June 15 – July 17 · Howard Family Stage
Djanet Sears‘ Governor-General’s Award-winning drama explores the complicated relationship of a Black couple in three key periods in the American Black experience: 1860, before the US Emancipation Proclamation; 1928, during New York’s Harlem Renaissance; and in post-civil rights 1997. Each setting reframes the story of the woman, her deep love for her partner, and her sacrifices – and resilience – in the face of his betrayal. With connections to Shakespeare’s Othello, Harlem Duet explores important contemporary questions about race, privilege and relationships.
“…an era-spanning epic that comments on what it is to be black then and now in North America.” – The Globe and Mail (2018)
Directed by Cherissa Richards (Stratford and Shaw Festivals)
Production run time: 2hrs 40 min, including intermission (Act 1 – 1hr 20 min | Act 2 – 58 min)
Photo Credit: Donald Sales as Othello & Marci T. House as Billie Photo & Image Design: Emily Cooper
Harlem Duet is the story of the complex relationship of a Black couple, played out against the backdrop of three different periods in the American Black experience: in 1860, before the US Emancipation Proclamation; in 1928, during New York’s Harlem Renaissance; and in the post-civil rights world of 1997. Each setting reframes the story of the woman, her deep love for her partner, and her sacrifices, pain, revenge, and resilience when she is betrayed by him. Each era’s cultural and social backdrop plays a unique part in how each couple’s story develops – and ends. And, as in Shakespeare’s Othello, a strawberry-embroidered handkerchief plays a significant part in each story.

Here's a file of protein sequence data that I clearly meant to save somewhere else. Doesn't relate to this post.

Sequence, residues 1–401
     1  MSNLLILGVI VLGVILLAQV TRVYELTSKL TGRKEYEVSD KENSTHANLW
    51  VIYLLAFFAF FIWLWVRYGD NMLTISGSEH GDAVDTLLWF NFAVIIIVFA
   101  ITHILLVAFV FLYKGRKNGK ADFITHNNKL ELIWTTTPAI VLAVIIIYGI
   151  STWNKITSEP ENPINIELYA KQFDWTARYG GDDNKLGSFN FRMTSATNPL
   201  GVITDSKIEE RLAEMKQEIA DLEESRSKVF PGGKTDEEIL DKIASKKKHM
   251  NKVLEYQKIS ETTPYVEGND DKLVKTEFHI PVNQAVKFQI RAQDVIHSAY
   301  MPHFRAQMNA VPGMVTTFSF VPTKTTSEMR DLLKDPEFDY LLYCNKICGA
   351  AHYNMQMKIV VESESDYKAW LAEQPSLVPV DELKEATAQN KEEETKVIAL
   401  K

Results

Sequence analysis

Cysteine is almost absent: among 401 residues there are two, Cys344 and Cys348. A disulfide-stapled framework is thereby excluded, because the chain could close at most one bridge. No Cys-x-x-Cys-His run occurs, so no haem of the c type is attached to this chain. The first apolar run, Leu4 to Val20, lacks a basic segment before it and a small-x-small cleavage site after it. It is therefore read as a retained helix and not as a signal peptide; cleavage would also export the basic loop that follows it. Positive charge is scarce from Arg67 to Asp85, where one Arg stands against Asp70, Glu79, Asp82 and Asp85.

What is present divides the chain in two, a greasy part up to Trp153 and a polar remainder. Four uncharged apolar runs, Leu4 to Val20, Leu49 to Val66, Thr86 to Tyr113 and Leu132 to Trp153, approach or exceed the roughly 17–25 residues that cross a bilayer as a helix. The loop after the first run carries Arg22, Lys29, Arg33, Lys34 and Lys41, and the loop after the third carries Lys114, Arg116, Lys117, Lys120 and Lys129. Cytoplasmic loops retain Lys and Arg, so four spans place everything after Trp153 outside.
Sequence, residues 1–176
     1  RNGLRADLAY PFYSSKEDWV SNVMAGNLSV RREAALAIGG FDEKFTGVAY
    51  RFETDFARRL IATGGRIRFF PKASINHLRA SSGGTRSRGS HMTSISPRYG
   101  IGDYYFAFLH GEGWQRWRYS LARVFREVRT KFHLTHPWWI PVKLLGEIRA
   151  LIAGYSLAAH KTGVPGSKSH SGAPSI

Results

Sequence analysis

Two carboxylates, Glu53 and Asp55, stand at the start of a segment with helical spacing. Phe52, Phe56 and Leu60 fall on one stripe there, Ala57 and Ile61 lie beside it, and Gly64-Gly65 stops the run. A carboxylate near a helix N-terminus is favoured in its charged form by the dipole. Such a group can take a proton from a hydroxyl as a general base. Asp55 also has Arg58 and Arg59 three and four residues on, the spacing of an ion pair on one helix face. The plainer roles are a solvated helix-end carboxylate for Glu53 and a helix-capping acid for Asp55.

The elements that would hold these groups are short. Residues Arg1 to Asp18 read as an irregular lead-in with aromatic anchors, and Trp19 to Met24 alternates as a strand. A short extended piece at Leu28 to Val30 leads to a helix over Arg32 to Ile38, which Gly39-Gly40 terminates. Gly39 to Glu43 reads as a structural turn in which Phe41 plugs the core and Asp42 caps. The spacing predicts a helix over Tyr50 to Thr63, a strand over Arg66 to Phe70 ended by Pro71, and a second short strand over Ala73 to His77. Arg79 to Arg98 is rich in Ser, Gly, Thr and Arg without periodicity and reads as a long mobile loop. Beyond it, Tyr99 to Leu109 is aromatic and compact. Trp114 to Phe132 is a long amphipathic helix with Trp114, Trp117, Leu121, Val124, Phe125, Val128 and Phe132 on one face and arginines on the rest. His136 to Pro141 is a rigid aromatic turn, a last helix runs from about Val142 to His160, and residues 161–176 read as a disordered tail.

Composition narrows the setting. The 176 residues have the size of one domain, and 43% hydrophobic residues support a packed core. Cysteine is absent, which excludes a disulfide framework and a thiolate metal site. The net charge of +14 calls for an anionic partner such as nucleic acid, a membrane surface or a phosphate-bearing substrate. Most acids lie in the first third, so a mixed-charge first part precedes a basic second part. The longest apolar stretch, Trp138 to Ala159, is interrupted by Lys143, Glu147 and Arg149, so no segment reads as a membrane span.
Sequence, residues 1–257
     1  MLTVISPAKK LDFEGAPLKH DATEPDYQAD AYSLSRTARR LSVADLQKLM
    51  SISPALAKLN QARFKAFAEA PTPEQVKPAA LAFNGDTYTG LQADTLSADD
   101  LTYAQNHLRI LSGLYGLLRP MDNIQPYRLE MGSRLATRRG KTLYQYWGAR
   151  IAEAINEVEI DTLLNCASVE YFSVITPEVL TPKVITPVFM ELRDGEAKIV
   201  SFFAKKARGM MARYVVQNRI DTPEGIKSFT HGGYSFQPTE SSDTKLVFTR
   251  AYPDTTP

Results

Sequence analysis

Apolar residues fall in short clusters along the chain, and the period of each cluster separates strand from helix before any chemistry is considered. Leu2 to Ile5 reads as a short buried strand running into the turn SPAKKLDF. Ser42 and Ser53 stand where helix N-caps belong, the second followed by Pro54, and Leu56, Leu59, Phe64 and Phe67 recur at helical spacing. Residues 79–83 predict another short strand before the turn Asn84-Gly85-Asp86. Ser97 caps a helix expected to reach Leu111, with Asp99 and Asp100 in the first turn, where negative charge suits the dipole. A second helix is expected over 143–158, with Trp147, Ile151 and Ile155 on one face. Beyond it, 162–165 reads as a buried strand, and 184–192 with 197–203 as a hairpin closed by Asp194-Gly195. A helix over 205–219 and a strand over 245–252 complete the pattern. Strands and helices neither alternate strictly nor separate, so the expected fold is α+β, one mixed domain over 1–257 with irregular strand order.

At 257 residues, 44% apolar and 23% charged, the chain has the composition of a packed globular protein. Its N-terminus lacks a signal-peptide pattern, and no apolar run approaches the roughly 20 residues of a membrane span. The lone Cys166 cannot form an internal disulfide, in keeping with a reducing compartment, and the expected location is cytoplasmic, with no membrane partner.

First, a note about names. In 1997, the lead characters are Billie and her partner Othello. In 1928, as vaudeville players, the two characters are called “She” and “He”. And in 1860, as servants, they are “Her” and “Him”.
The majority of the action occurs in 1997. Billie and Othello have been together for nine years, living in an apartment in Harlem. Billie is a graduate student and Othello is a professor who has recently achieved tenure over a white man named Chris Yago. Othello has fallen in love with a colleague, a white woman named Mona, and has recently left Billie for her.